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This is just absolutely adorable!

more: moss&bone

100 posts! 
Woohoo! So incredibly ecstatic I’ve reached a hundred posts and here’s to a hundred more my lovely followers! :D

100 posts! 

Woohoo! So incredibly ecstatic I’ve reached a hundred posts and here’s to a hundred more my lovely followers! :D

Ed Sheeran has to by far one of my favorite artists. I love the lyrics to his songs; they are just pure poetry. With every song he releases, I find that I only swell with more love for him

"I’m in love with people that are in love with the world."

-

Bill Mackin

(via kimlundgren)

Jason Silva never fails to excite with shots of awe! This is his latest: 'Transfixed by beauty'. 

Music; its all around us. Whether we like it or not, its everywhere. Be it rock, pop, country, indie, electronic,techno, it is everywhere. 
Music speaks to people in a way words simply can’t. The lyrics of songs are like the words of Shakespeare to a literature professor or simply an avid reader; music says the things we could never say in person. When you really think about, you could know more about a person by looking at their playlist in a matter of five minutes rather then having a conversation with them. 
"Without music, life would be a mistake."

Music; its all around us. Whether we like it or not, its everywhere. Be it rock, pop, country, indie, electronic,techno, it is everywhere. 

Music speaks to people in a way words simply can’t. The lyrics of songs are like the words of Shakespeare to a literature professor or simply an avid reader; music says the things we could never say in person. When you really think about, you could know more about a person by looking at their playlist in a matter of five minutes rather then having a conversation with them. 

"Without music, life would be a mistake."

"And in the end, we were all just humans, drunk on the idea,that love, only love, could heal our brokenness" 
~ Christopher Poindexter

"And in the end, we were all just humans, drunk on the idea,that love, only love, could heal our brokenness"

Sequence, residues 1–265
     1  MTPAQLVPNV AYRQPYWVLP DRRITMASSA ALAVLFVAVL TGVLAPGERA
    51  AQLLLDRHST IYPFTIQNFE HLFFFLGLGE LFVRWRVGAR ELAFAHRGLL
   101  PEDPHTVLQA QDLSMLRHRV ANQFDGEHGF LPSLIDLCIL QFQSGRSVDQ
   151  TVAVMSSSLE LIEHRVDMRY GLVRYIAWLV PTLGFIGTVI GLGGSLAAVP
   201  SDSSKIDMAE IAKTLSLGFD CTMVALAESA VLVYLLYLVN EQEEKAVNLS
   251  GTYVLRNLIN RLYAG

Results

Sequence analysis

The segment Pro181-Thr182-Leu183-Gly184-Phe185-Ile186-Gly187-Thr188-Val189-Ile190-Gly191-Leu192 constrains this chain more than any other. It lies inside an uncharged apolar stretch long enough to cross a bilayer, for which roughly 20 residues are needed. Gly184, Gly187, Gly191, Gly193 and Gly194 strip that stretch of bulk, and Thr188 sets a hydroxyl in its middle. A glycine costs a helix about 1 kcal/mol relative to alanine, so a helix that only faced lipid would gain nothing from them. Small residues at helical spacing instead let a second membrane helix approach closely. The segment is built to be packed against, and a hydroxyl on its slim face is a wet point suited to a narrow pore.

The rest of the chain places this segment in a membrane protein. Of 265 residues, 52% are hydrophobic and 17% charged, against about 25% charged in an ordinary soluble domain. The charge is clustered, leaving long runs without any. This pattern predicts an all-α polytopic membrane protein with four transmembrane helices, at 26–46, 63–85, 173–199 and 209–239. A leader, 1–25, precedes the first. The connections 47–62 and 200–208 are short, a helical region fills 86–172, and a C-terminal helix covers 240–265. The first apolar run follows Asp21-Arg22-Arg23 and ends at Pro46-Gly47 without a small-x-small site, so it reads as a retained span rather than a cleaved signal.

~ Christopher Poindexter

tumblrbot asked: WHERE WOULD YOU MOST LIKE TO VISIT ON YOUR PLANET?

Most of Europe; Really want to go Paris as well!

Book Review: 'Where Rainbows End' by Cecelia Ahern
I’m not going to lie, I’m a huge sucker for Romance novels and chick-lits; as much as I enjoy my dysoptian, mystery and horror genres, there’s something about chick-lits that make you want to cry, laugh and smile all at once. 
So you can imagine my surprise when I hadn’t heard of Cecelia Ahern, author of the best-selling books 'PS, I Love You' and ’If You could see me now’. Hearing about her novels was enough persuasion to make me read 'Where Rainbows end'. 
'Where Rainbows End' is your typical chick-lit that starts with two friends, Alex and Rosie, who have been neighbors in Dublin as well as best friends since they were seven. The novel unravels their journey as friends, the moments they share together and their lives as they go through various stages in them. However , they face a dilemma when Alex is forced to move to America because of his father's job during his senior year of high school. As soon as Rosie is about to join him in Boston she receives life-changing news that prevents her from going. 
As I’ve said this is your typical chick-lit plot, and the ending is quite predictable, however, Ahern does well to keep her pace and not drag the reader through the novel like some chick-lits. Moreover, it is an absorbing novel and a complete page turner; Ahern is a perfect example  for any budding romance novelist. She makes you feel the pain and joy of each character and constantly keeps the story upbeat with events that change the direction of the novel, 
In conclusion, a great book for first time chick-lit readers, but don’t read it if you don’t want something too predictable. 

Book Review: 'Where Rainbows End' by Cecelia Ahern

I’m not going to lie, I’m a huge sucker for Romance novels and chick-lits; as much as I enjoy my dysoptian, mystery and horror genres, there’s something about chick-lits that make you want to cry, laugh and smile all at once.